Jehovah's Witnesses and conscientious objection in Korea

Young-il Hong

The history of conscientious objection on the Korean Peninsula dates back to 1939. As Japanese Jehovah's Witnesses who had refused military service began to be arrested on 21 June, the wave of arresting Jehovah's Witnesses began to sweep through Taiwan on 22 June and Korea on 29 June. As a result, 33 Jehovah's Witnesses were indicted in Korea. Most of the Jehovah's Witnesses working in Korea from 1939 to the end of the second world war were imprisoned on account of conscientious objection.

Shortly after the Korean Peninsula was divided into North and South, after the end of World War II, the Korean War broke out. It began on 25 June, 1950, and lasted for three years. During that time Jehovah's Witnesses refused the compulsory conscription for military service by both North Korea and South Korea as conscientious objectors (COs).

During the 1950s and 1960s, COs used to be sentenced to imprisonment from several months up to one year. One imprisonment could usually free them from being conscripted to military service. However, their criminal record made them suffer great social discriminations when finding a job.

The military government, which came to power on 16 May, 1961, began to put pressure on the Korean society. The Regional Reserve Forces, established on 27 December, 1961, began to be intensified. Ex-soldiers who had joined the Jehovah's Witnesses and became COs therefore received corporal punishment and fines. The heavy fines and repeated trials made it impossible for COs to live normal lives and even to earn a living.

The Supreme Court of South Korea ruled on conscientious objection on 22 July, 1969 saying: The so-called conscientious objection does not fall into the category of the freedom of conscience guaranteed under the Constitution Article 17

Entering into 1970s, the military government began to oppress COs in various ways, Jehovah's Witness youths were taken to military training camps by means of various illegal ways. Military training began at high schools in 1970. Jehovah's Witnesses, young students, refused the military training at school and were badly treated with beatings and other corporal punishments. They were forced to drop out of school. Social discrimination began to form. As oppression upon COs became brutal and social discrimination began to intensify in the 1970s, even partial objection to military service by some religions, accepting non-combatant service but refusing military service on Sabbath days, came to a full stop.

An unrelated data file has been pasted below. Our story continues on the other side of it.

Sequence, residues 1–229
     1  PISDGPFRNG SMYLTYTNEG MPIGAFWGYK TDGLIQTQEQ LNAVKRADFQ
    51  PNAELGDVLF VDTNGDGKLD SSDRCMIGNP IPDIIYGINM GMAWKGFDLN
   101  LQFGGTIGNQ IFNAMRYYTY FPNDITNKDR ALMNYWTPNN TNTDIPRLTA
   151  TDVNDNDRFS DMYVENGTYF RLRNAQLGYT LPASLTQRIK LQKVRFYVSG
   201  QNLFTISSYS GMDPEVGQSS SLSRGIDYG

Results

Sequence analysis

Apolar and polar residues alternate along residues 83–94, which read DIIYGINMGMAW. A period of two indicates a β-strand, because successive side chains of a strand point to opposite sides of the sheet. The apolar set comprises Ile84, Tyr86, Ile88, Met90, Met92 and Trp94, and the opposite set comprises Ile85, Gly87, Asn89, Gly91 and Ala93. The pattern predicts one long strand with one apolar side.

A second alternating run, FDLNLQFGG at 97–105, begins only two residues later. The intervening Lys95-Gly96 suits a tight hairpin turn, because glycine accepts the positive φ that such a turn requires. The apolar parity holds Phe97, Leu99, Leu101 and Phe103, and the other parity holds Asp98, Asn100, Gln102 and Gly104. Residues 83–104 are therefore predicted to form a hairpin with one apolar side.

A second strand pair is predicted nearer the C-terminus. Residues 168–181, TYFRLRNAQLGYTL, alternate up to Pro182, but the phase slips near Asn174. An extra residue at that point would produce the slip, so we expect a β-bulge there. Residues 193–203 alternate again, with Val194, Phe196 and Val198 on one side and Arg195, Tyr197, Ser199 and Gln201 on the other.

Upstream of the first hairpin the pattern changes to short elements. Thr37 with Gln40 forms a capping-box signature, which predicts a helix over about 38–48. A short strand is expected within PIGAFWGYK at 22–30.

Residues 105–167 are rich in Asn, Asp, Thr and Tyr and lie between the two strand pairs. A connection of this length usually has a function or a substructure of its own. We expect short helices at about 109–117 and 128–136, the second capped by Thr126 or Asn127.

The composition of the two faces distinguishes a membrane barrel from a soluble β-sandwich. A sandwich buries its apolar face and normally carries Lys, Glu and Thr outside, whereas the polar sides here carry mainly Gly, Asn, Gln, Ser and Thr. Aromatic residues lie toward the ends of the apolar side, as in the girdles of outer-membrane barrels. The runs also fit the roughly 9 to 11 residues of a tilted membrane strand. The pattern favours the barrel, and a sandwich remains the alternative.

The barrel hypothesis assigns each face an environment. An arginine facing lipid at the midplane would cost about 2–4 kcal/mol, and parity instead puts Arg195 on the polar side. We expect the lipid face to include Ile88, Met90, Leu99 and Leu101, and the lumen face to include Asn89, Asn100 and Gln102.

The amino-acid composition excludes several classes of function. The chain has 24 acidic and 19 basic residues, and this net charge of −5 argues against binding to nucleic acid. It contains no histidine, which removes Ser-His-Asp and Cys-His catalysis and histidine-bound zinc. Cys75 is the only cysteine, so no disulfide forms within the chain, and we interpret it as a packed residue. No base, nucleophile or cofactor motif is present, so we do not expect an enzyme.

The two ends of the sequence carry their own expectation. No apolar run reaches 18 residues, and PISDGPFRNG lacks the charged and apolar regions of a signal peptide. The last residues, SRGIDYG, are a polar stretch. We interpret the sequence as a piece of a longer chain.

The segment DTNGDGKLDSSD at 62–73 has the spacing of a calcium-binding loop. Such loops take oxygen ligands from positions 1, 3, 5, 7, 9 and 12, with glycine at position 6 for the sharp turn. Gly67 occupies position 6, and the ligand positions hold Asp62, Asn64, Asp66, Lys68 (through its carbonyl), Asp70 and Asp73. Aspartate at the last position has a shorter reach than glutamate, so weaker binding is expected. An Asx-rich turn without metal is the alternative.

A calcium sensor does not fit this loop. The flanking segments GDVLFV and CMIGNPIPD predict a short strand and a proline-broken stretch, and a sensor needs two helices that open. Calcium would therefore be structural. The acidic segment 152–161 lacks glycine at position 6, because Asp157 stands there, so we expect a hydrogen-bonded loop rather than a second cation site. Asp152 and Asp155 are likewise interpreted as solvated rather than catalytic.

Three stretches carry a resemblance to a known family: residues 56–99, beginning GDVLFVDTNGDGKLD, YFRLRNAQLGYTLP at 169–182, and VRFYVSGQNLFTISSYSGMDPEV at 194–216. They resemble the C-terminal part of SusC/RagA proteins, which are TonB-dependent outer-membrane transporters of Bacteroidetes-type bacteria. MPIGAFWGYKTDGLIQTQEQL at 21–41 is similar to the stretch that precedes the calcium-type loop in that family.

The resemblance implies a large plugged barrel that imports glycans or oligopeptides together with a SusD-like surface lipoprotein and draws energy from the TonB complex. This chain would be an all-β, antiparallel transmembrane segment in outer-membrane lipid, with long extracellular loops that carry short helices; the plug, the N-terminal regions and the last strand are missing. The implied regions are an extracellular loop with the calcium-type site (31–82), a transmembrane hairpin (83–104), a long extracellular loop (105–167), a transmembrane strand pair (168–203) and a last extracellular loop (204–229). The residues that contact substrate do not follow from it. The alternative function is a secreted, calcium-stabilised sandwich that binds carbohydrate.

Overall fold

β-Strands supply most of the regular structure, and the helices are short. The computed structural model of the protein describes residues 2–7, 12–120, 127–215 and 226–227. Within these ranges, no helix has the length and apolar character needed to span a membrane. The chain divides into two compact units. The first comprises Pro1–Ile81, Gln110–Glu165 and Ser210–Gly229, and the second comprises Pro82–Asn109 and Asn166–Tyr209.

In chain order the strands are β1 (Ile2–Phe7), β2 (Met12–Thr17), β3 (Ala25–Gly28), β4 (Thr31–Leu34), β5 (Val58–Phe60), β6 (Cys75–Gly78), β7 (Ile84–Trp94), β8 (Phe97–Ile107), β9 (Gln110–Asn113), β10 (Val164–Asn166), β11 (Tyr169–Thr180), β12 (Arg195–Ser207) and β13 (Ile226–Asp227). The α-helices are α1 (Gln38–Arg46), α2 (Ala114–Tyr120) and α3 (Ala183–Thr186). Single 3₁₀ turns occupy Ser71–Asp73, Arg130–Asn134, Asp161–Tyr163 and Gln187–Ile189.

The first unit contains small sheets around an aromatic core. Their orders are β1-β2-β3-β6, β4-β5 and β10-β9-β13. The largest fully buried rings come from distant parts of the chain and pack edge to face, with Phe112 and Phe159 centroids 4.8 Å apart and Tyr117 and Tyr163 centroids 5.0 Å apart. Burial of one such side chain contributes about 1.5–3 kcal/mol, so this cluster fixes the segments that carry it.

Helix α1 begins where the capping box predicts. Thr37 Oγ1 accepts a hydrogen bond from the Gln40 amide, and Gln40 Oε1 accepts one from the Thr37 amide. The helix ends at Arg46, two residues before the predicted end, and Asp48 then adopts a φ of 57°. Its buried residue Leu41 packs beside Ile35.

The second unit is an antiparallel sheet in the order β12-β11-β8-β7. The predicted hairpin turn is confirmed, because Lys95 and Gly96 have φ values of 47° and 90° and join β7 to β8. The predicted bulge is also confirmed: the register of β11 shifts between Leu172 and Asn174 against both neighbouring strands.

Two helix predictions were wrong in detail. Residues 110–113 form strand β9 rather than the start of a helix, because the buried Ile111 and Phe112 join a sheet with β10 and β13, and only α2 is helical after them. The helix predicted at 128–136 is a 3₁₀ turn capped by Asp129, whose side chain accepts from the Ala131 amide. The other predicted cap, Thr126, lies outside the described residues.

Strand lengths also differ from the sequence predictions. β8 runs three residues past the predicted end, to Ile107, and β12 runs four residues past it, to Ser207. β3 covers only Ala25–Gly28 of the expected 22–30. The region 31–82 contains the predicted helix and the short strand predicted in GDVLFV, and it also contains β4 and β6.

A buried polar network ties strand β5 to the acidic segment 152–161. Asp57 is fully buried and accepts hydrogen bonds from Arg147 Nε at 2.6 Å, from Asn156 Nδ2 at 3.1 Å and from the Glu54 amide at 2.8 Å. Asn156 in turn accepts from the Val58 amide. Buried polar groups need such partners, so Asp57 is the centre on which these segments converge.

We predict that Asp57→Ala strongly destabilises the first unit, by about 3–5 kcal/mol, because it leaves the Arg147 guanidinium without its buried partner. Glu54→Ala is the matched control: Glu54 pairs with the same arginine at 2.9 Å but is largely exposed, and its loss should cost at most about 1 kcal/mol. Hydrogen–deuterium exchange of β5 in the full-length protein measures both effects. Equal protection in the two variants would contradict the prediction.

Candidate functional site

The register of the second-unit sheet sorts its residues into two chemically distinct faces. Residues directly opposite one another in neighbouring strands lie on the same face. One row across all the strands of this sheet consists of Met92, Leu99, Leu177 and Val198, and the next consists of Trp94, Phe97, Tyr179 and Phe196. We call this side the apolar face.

The Supreme Court has not recognized the conscientious objection of Jehovah's Witnesses since the 1960s. On 23 July, 1985, and 14 September, 1992, the court ruled against COs and the decisions repeat the same phrase as of 22 July, 1969. What is perplexing is that those decisions do not state why conscientious objection does not fall into the category of the freedom of religion and conscience.

In 1994, when the trend of the cold war eased and the term of military service of the Korean army was reduced from 30 months to 26 months, Article 44 of the Military Criminal Law, a basis for punishing conscientious objection, increased the maximum sentence for mutiny from two years to three years.

Despite the brutal treatment and increased sentence under the military governments, COs of Jehovah's Witnesses in Korea are on the rise (see graphic).

As democratisation develops in Korea, Koreans are coming to have more tolerant views of COs, which lead to the disappearance of the illegal compulsory conscription practices of the Military Manpower Administration since 2002 and has enabled COs who stand in civil courts to get a shorter sentence. Additionally, on 29 January, 2002, one incumbent judge appealed a case of conscientious objection to the Constitutional Court for review, upholding the claim of a defendant that the present military service law, which does not recognize conscientious objection, could be against the Constitution. Meanwhile, more than 10,000 Jehovah's Witnesses have been punished because of conscientious objection. The number of Jehovah's Witness COs in prison is 767, as of 15 September, 2003.

As South Korea has been implementing a strict military service law, conscientious objection has become the brand mark of Jehovah's Witnesses in Korea, since COs have hardly been found in other religious organisations. The other interesting feature is that the accumulative number of COs imprisoned is much higher than in any other country in the world.